Part 2: Saving money on da fees!!
There will always be fees. But if they really bother you, there are ways you can save a bit of money.
- Get the best rate
- Unavoidable fees VS avoidable fees
- Using the right credit card
- Setting up a float
Like always, it’s up to you to decide whether it’s worth the time and the effort to save a few bucks. But for those of you who travel and work in the states a lot… it might be worth it to investigate.
Getting the best rate:
It’s basic advice, but different banks and organizations have different rates. I spent 10 minutes hopping to a few banks and places that deliver cash to your door and definitely found some differences:
- Travelex – buying 1000 US dollars = cost 1515.38 CAD
- TD Online – buying 1000 US dollars = cost 1464.40 CAD
- RBC Online – buying 1000 US dollars = cost 1472.20 CAD
These rates change all the time (and these prices don’t include delivery fees, they’re just the original quoted prices), but it might be worth it to look around for a few minutes before grabbing some cash.
I think it’s interesting to note that a few travel sites talked about the advantage of changing cash in the destination country instead of in Canada (they weren’t writing specifically about the US) so I thought I’d try a US bank.
- Bank of America – buying 1000 US dollars – cost 1520.22 CAD
*These are not definitive or foolproof experiments… just information. Do your own research.
Unavoidable fees VS avoidable fees:
It seems to me there’s a basic rule of money:
If you think ahead you can save money. People love to profit on your forgetfulness.
You can’t avoid a bank fee (at least not completely), what you can do is avoid paying the higher fees that you’ll find in the airport at those little currency booths.
This article from investopedia simplifies it nicely:
- Worst rates: the airport
- Bad rates: those currency exchange stores you see in touristy areas
- Good rates (or at least you best options): ATMs and local banks.
I will throw out a word of caution about ATMs. They can really hose you with fees. They’re all different, so it’s tough to break down, but it’s good to understand. Sometimes you can end up getting charged by multiple banks and service providers… which is not super fun.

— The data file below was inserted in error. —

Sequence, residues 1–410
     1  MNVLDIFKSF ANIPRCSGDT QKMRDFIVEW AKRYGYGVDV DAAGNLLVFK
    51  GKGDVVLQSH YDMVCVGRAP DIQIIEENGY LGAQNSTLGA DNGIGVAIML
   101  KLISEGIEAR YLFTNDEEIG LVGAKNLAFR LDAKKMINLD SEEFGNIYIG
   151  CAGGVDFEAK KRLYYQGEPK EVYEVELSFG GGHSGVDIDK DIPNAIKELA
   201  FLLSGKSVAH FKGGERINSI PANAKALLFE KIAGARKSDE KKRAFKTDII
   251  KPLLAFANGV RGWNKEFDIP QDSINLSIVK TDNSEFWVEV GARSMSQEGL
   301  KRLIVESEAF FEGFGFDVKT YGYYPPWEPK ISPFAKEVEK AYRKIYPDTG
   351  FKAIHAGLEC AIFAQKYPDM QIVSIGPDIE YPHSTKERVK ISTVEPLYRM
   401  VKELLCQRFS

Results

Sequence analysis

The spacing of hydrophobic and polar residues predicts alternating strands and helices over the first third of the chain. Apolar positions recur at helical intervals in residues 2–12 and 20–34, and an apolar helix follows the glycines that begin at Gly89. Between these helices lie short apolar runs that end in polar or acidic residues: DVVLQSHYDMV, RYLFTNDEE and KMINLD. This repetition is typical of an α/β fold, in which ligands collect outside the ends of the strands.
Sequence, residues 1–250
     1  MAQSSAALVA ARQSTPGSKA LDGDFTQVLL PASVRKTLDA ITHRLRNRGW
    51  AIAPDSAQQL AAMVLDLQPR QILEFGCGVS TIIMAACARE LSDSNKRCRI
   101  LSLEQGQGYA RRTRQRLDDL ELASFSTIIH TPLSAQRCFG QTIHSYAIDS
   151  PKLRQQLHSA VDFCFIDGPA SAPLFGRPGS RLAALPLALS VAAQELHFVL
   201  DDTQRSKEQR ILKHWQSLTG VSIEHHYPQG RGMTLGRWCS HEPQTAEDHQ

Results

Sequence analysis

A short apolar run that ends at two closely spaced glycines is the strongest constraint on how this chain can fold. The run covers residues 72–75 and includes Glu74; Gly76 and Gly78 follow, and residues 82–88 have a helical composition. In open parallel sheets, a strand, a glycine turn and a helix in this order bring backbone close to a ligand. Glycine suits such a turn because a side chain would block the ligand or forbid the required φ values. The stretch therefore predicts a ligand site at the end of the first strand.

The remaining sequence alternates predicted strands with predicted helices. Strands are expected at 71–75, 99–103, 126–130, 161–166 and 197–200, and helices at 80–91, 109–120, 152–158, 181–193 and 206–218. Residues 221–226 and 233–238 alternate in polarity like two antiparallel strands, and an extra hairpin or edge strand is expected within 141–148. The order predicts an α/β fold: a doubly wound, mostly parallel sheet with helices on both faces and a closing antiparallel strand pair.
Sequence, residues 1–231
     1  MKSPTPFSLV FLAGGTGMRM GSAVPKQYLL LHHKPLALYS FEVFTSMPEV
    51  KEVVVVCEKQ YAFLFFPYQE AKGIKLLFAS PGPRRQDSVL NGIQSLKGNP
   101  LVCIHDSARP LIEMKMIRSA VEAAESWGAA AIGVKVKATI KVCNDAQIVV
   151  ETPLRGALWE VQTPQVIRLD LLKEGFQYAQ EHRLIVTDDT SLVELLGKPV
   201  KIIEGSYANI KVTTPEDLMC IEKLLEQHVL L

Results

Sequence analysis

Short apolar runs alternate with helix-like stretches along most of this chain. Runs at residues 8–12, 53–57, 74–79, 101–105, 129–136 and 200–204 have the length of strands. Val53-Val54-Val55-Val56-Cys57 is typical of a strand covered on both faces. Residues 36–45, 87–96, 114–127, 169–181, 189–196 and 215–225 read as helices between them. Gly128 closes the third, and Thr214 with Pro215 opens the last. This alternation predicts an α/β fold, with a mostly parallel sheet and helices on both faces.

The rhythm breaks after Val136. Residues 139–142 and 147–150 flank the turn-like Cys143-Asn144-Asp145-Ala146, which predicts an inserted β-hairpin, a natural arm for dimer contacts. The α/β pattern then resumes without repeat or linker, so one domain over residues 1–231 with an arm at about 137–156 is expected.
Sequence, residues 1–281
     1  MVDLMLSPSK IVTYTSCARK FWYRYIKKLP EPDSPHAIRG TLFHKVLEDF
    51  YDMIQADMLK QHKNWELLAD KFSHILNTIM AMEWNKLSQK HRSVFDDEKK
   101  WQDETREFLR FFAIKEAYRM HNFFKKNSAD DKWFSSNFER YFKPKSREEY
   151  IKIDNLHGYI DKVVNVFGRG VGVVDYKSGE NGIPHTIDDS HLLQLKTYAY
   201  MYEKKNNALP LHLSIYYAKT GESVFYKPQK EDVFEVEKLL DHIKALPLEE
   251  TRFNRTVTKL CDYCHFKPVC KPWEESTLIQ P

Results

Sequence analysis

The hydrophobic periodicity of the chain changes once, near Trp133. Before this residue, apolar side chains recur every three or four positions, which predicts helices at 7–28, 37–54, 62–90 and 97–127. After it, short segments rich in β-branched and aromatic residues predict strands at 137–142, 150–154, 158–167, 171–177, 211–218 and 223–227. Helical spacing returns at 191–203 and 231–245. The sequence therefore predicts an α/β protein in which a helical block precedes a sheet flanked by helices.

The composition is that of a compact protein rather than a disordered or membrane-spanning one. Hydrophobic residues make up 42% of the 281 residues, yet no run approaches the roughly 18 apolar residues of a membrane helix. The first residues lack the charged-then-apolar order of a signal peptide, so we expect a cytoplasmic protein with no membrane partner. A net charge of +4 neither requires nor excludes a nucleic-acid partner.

I bank with TD, and it’s really nice when I go to the states (especially New York) because they have American branches everywhere. The American TD and the Canadian TD are NOT the same bank, BUT I can use their ATMs without a fee. Which is really nice.
Using the right credit card:
I have a great travel card. I collect points. It’s got good travel insurance, and some other tasty travel perks.
It also has a nice little 2.5% foreign transaction fee. This is something I kind of knew… but hadn’t given much thought until the dollar got absolutely terrible and I started writing this article.
If you travel a lot, you might be interested in getting a NO FOREIGN TRANSACTION FEE credit card, of which there are shockingly few.
Personal finance blogger and travel guru Barry Choi breaks them down HERE:
- Amazon Rewards Visa Card
- Marriott Premier Rewards Visa
- Rogers Platinum Mastercard
It’s interesting to me that there are so few credit cards with no foreign fees, so let me know if you know of some that aren’t on this list.
The only one of the three without an annual fee is the Amazon card, and they all have different perks which may or may not sound tasty to you.
Just remember, you might be hooked on your card that gives you 2% cash back, or a couple of travel points per dollar spent, but if you’ve got a foreign transaction fee you could be losing all of that when you travel anyways.
$2 cash back MINUS 2.5% transaction fee = you’re losing money… not gaining it. #thinkaboutit
Setting up a US dollar float:
This might be my favourite method, and it’s especially useful for people who work in the states quite a bit.
Don’t spend your Canadian money in the states. Keep US dollars available for when you go down.
If you believe some of the crazy doomsday predictions for the Canadian dollar in 2016, things are not going to go well. They’re talking about it dipping to a value lower than 60 cents to the US dollar.
So why not set yourself up now, to avoid that pain?
Most banks have US dollar accounts that you can open. They allow you to keep some of your money in US dollars. That means that if you changed a few hundred bucks over now, and the dollar goes down another 10 cents… it matters less. On your next trip to the states, you’re spending US dollars.
This works especially well for people who are working in the US and getting paid in US dollars. It’s really tempting right now to bring all your money back to Canada and take advantage of the sweet side of this crazy dollar… but it might be a good idea to keep some of it in the states.
The idea of setting a ‘float’ is having an account with US money in it that you can use instead of being a slave to the variable dollar.
When you’re a freelancer, any way that you can cut out some variability is sanity in your pocket.
*It’s important to note that exchange rates are really variable and impossible to predict. No matter what the ‘experts’ say today, it may change tomorrow. A float can be a useful tool, but there is always risk when you’re transferring between currencies. You CAN lose money.